do i= ...
      allocate(mpi(i)%gene(1:2))
end do
I'd like to think that there is a much smart way to allocate this array derived type

Ciao, Albi73
 
FJacq (Programmer)
17 Sep 10 13:16
Sorry but you need the loop !

The limitation is much deeper than you could think. FORTRAN makes invalid any reference to an array of array.

The reason is in fact simple : the distance between two successive elements of an array among each dimension must be constant. This is necessary to keep in the same time high performances and a pointer enough simple (a pointer contains that distance over each dimension).

With an array of array, this cannot be warranted.

Even after the allocation, you cannot set all the arrays with a single instruction :

CODE

      allocate(mpi(1)%gene(1:2))
      allocate(mpi(2)%gene(1:2))
      mpi%gene=0 ! => error

The error does not come from the POINTER attribute but from the reason I have indicated. Change POINTER into ALLOCATABLE and you will get the same trouble.

Even if the array GENE has a constant size, you cannot use mpi%gene. In theory, this is the only case which could be acceptable but there are many corner cases which make it too dangerous. So the rule is strict : no array of array !

CODE

PROGRAM tt
  TYPE t
    INTEGER :: tab(10)
  END TYPE
  TYPE(t) :: o(3)
  o%tab=0
  write(*,*) o%tab
END PROGRAM

tt.f90(6): error #6159: A component cannot be an array if the encompassing structure is an array.       

Now, look at the following programming which is OK :

CODE

 PROGRAM test
  TYPE t
    INTEGER :: tab(:)
  END TYPE
  TYPE(t) :: o(3)
  DO i=1,3
    o(i)%tab=i
  ENDDO
  write(*,*) o%tab(4)
END PROGRAM

Indeed, o%tab(4) is a vector of 3 values, all successive elements being the same distance.

For the same reason, the next example is forbidden again :

CODE

PROGRAM test
  TYPE t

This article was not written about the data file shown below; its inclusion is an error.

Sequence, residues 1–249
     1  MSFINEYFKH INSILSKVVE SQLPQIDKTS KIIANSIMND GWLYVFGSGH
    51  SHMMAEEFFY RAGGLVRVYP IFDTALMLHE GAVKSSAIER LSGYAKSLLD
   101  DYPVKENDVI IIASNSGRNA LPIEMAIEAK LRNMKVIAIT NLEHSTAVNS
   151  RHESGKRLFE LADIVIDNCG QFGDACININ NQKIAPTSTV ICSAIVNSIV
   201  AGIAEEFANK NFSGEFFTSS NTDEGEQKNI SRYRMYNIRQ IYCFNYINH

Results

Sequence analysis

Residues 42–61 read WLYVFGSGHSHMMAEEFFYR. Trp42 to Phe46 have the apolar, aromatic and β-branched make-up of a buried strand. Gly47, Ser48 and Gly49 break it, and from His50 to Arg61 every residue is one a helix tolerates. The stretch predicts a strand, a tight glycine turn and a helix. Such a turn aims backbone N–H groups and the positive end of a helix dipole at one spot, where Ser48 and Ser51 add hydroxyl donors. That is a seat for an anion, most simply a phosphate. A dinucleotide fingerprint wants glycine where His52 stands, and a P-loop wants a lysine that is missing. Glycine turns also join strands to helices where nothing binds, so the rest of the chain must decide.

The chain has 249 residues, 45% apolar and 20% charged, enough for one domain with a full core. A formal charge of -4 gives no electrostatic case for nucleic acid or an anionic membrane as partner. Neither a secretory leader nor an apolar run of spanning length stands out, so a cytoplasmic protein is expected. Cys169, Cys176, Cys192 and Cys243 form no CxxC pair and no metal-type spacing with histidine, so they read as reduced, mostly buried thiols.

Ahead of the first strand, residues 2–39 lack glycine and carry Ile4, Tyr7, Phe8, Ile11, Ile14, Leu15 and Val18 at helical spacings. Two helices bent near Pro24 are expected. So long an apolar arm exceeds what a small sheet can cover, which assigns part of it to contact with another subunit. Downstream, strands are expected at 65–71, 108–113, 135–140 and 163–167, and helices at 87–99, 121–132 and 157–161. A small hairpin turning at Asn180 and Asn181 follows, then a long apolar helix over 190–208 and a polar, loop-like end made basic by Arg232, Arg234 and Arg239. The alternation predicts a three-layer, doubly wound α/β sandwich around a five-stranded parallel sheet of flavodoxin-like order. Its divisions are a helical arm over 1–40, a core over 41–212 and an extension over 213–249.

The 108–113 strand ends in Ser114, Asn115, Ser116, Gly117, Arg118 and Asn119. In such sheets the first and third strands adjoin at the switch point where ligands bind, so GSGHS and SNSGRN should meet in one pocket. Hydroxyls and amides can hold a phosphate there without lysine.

INTEGER,ALLOCATABLE :: tab(:)
  END TYPE
  TYPE(t) :: o(3)
  DO i=1,3
    ALLOCATE(o(i)%tab(10))
    o(i)%tab=i
  ENDDO
  write(*,*) o%tab(4)
END PROGRAM

Error message :
tt.f90(10): error #7828: The part-name to the right of a part-ref with nonzero rank has the ALLOCATABLE attribute (6.1.2).       

Changing ALLOCATABLE into POINTER does not change the result : the compiler cannot warrant a constant distance between two successive elements in the "vector" o%tab(4).

 
albi73 (Programmer)
20 Sep 10 5:36
Ok so if I find a trick to load an array of arrays - loading the components one by one (like with a loop) -  it works; what is important into the code -if i have well understood- is that one must never write the espresion of array of arrays ... this has sense.
I suppose in your test program :

PROGRAM test
  TYPE t
    INTEGER :: tab(:)
  END TYPE
  TYPE(t) :: o(3)
  DO i=1,3
    o(i)%tab=i
  ENDDO
  write(*,*) o%tab(4)
END PROGRAM  

The third line have to be:     INTEGER :: tab(10)
;with dimension specified.

Your suggestions are always very precious.
Thanks, Albi

FJacq (Programmer)
20 Sep 10 5:59
Right ! Sorry for the typo ...

As you have surely noticed, the last example did not concern array of array but the restriction about array expressions in a more general manner : even a "vector" expression may be invalid if the compiler cannot insure a constant stride.